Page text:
Dakota County, Minnesota
Dakota County, Minnesota
2010 Population 398,500
Just south of Minneapolis-St. Paul is Dakota County, which extends into rural Midwestern Minnesota made famous by Garrison Keillor and the weekly Prairie Home Companion radio show over many decades.
The county is supported by diversified economies: manufacturing, IT, food, clean energy, chemical plants and real estate. During the 2008 – 2009 Recession, the county pushed ahead with partnerships among community colleges, businesses, and government to increase business and jobs. Entrepreneurs bloomed and made use of the enhanced Education and Training programs and schools available.
There is practically no Digital Divide in Dakota County and the few remaining of Dakota Nation for which it is named enjoy the same Wi-Fi as Big Business. IT is a healthy economic base, supplemented by medical devices, logistics, and new industries emerging from partnerships mentioned above.
Jobs have increased considerably, with new ICT jobs equal in number to 8% of the total population. The impressively strong development nonprofit, Dakota Future, is leading toward even more sustainable growth at www.dakotafuture.com.
Declining Industries Replaced In Danville VA
2010 Population 49,000
In 1970 Disco America, Danville was the economic stronghold in Central Virginia. Its leading industries lost power in declining textiles and such, so Danville pursues Information Technology into the 21st Century with gusto.
The nDanville open-access fiber network exploded in connectivity for business, government, and residential applications. The fiber infrastructure is self-sustaining and impressive at 125 miles of fiber that serves private and public sectors equally well. In addition, the city and county governments collaborated in a Business Incubator operated with Virginia Tech for a new research entity that investigates ways to create new jobs through innovations in healthcare, aerospace, manufacturing, and many other sectors. It is a winning project.
New employers emerge from the Incubator to become quickly self-sustainable. This attracts other commerce, such as the Danville Ikea plant, the company’s first North American manufacturing plant.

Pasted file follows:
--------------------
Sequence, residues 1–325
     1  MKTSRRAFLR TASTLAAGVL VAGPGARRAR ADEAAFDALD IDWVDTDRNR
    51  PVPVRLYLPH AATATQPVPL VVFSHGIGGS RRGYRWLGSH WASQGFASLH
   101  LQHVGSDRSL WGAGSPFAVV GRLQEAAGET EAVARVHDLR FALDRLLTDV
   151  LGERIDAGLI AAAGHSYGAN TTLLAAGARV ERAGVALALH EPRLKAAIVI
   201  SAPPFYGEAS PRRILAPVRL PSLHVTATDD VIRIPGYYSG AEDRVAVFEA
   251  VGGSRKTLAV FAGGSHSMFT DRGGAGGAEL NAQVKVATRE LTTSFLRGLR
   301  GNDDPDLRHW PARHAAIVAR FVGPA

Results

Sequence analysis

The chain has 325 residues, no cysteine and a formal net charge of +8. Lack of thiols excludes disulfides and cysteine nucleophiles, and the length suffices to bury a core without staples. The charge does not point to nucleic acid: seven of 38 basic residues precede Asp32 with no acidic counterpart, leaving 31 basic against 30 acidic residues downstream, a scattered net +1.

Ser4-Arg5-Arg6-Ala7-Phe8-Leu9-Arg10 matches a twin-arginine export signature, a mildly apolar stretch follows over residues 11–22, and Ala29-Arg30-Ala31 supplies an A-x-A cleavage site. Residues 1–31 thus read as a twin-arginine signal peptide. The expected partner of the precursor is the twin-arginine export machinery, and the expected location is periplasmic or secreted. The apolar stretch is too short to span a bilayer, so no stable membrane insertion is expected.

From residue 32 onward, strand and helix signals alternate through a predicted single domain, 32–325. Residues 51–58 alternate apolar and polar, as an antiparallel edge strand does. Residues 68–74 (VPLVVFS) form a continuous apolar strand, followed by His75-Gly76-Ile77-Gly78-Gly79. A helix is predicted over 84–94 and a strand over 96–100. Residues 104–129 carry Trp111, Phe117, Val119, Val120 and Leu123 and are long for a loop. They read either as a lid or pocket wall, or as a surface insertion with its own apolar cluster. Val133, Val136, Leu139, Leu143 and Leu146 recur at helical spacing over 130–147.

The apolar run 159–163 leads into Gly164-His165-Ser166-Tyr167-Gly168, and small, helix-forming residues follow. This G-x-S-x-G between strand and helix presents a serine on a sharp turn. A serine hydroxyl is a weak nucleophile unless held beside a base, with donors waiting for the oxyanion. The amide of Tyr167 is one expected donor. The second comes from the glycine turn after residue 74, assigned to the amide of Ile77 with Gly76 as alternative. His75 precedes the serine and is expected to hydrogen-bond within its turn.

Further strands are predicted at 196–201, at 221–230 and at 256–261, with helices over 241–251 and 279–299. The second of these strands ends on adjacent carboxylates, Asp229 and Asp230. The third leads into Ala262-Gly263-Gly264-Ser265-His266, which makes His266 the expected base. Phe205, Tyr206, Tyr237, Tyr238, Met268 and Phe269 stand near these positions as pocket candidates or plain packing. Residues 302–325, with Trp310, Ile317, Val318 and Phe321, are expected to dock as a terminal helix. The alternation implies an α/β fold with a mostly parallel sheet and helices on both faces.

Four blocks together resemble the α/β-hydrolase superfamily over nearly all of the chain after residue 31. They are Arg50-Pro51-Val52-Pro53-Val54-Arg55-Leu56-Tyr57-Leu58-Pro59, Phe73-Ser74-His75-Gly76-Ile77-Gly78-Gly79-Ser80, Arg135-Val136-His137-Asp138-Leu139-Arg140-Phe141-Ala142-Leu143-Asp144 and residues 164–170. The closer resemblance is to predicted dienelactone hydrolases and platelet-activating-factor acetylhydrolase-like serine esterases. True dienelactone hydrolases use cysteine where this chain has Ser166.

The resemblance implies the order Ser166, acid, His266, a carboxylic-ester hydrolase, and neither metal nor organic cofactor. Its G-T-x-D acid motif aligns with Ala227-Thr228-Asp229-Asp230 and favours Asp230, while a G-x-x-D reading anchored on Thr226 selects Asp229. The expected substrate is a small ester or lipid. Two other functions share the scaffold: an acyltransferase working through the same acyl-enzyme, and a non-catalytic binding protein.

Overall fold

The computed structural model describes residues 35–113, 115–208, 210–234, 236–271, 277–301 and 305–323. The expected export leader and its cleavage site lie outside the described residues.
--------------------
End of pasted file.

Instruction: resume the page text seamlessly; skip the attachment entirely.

2010 Population 291,000
Riverside is a college town, which is usually a good sign that recession does not hinder its development of business and jobs. It is also a growing suburb of Los Angeles and Palm Springs, as well as a warehousing and logistics center and citrus hub. Millions of square feet of commercial and industrial space have been added. These five characteristics make Riverside smart.
Strong population growth was not matched by income growth in 2009, but 2010 brought change. New leadership set the goal of making Riverside a high-tech city with increasing numbers of jobs. It partnered with its universities and created technology parks, business incubators, business accelerators and internship/mentoring programs.
The turnaround was quick. AT&T deployed a citywide Wi-Fi network, Riverside became an anchor tenant and AT&T began offering free low-speed access, with higher tiers available for a fee. A new fiber network slashed costs. In 2010, wireless networks reach 80% of the city and the Digital Divide is almost closed.
Any family that successfully completes training receives a free PC refurbished by ex-gang members. This green program makes Smart Riverside the primate collector of “e-waste” in the region.
© 2010 Patty Inglish